It has been two decades since Vladimir Putin effectively ruled Russia. Twenty years in power is a good reason to sum up certain results of the Russian president's rule. The German edition Neues Deutschland analyzes the shortcomings of external policy RF during this period.
Twenty years of Putin's rule are characterized, in particular, by the deterioration of relations with the EU. Cooperation with Europe has stalled not only because of the Ukrainian crisis and fundamental differences in political values. From the point of view of Europeans, the basis for this cooperation was Russia's approximation to European standards, but without Russia's inclusion in the EU. Moscow's hopes that post-Cold War European elites would build a greater Europe with Russia turned out to be unrealistic. Russia's attempts to flirt with nationalist forces in European countries, which challenge the local elites, were also a mistake.
After the collapse of the Soviet Union, stagnation in relations between Russia and India continues. Combined with a significant weakening of relations with the EU, this poses a threat to Russia's geopolitical balance in Eurasia. The peace treaty with Japan, which could finally solve the territorial problems, failed. Putin tried to use the "Japanese question" as a source for the modernization of Russia and a means for achieving a Eurasian balance. This failure will further increase Russia's dependence on China.
Экономическая integration with a number of CIS countries, activated by Putin within the framework of the Customs Union, undoubtedly serves the interests of Russia and its partners. At the same time, the EAEU is a limited project that has no prospects for the geopolitical center of Eurasia. Partner countries are too concerned about their state sovereignty. The EAEU also has no opportunity to become a serious competitor or partner of other integration associations, be it the EU or ASEAN.
Putin has repeatedly assured that Russia will not allow confrontation with the United States. But the confrontation between the two countries is a fait accompli. There are now similar assurances that Moscow will not embark on a new arms race with Washington. But given the dismantling of the arms control system initiated by the White House, there is no guarantee that the militarytechnical a balance with the United States can be maintained without major defense investments. Of course, not everything depends on Moscow, and Washington has its own plans, which may change. The point is different. Russia, as a less powerful force, is obliged to defend its interests in order to avoid head-on collisions with a rival.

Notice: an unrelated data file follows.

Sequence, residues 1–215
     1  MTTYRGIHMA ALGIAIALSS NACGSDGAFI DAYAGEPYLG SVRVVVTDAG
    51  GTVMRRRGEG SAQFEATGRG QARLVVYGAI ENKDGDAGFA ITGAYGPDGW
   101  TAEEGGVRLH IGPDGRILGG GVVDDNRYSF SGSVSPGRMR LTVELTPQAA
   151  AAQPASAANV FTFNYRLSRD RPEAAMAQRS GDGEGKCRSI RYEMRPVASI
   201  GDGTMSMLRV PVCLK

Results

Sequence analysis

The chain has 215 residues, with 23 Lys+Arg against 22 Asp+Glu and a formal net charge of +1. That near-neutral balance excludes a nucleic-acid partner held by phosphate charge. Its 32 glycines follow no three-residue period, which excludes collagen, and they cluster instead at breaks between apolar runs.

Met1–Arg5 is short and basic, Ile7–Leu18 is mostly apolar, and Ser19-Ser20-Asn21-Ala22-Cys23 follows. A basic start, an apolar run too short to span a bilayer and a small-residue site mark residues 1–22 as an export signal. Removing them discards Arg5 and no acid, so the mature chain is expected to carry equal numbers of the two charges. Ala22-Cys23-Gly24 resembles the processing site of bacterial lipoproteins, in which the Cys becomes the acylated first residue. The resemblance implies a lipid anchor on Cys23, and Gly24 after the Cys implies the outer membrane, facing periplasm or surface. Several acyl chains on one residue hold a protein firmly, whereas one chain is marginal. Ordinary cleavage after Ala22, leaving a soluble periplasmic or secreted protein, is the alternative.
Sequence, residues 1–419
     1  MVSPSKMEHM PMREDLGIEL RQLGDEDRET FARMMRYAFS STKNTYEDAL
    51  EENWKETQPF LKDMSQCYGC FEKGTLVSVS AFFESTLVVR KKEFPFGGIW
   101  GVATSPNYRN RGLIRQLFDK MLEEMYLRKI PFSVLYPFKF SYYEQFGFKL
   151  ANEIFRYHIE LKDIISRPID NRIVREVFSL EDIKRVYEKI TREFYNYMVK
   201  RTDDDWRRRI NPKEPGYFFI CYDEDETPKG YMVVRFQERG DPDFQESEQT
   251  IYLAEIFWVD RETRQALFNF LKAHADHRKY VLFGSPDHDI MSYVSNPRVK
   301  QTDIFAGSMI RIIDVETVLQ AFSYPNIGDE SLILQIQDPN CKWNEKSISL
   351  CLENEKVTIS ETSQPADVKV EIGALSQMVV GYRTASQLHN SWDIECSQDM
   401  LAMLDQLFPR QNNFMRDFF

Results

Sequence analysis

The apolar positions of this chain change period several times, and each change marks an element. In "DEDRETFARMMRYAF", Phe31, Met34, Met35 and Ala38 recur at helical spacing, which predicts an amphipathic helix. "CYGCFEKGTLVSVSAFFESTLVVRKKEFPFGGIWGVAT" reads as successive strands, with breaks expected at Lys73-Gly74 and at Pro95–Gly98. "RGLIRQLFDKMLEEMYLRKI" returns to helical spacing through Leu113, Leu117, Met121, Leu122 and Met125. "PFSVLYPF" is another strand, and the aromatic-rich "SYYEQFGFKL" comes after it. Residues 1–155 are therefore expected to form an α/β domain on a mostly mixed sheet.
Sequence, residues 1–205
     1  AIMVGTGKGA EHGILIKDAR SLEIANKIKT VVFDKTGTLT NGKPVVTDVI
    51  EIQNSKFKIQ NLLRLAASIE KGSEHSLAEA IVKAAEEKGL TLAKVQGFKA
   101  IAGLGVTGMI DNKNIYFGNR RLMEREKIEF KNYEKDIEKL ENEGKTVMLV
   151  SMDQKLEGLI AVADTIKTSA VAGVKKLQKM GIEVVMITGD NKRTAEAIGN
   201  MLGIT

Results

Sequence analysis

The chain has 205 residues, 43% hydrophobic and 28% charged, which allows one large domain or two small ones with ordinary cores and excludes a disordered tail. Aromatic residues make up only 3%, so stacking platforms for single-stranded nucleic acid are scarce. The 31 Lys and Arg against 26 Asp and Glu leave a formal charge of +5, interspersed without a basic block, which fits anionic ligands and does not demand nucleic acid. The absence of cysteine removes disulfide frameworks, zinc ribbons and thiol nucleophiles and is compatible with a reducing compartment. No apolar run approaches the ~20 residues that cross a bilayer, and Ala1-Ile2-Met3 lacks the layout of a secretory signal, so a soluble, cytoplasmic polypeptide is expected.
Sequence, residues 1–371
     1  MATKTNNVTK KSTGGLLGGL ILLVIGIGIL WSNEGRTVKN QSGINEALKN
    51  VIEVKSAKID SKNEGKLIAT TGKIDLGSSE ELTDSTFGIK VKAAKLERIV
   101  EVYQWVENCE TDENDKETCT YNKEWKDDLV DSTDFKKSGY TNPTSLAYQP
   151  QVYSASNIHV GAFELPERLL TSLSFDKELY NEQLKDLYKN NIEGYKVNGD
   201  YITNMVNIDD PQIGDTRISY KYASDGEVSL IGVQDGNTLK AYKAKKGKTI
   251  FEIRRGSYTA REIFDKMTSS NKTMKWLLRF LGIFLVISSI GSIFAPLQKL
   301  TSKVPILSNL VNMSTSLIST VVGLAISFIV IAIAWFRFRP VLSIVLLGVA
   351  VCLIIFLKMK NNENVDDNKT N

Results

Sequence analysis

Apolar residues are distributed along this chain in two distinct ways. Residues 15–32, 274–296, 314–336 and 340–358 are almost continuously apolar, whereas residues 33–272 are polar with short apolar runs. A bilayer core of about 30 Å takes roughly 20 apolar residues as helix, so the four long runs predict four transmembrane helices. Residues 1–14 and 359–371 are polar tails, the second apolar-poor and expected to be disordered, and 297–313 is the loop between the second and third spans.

A serious mistake in Russian foreign policy since the mid-1990s has been its strong fixation on NATO's eastward expansion. Of course, the accession of the countries of Central and Eastern Europe to the Alliance did not strengthen Russia's security and did not weaken Moscow's foreign policy positions. At the same time, attempts by the Russian Federation to oppose the eastern movement of the Western bloc, as a rule, exacerbate the negative consequences of this expansion for Russia. And the military-political steps taken by Moscow during the Ukrainian crisis breathed new life into NATO and contributed to the fact that the Russian Federation was again perceived as a military enemy of the West. The resurgence of this image a quarter of a century after the end of the Cold War is a strategic defeat for the Kremlin.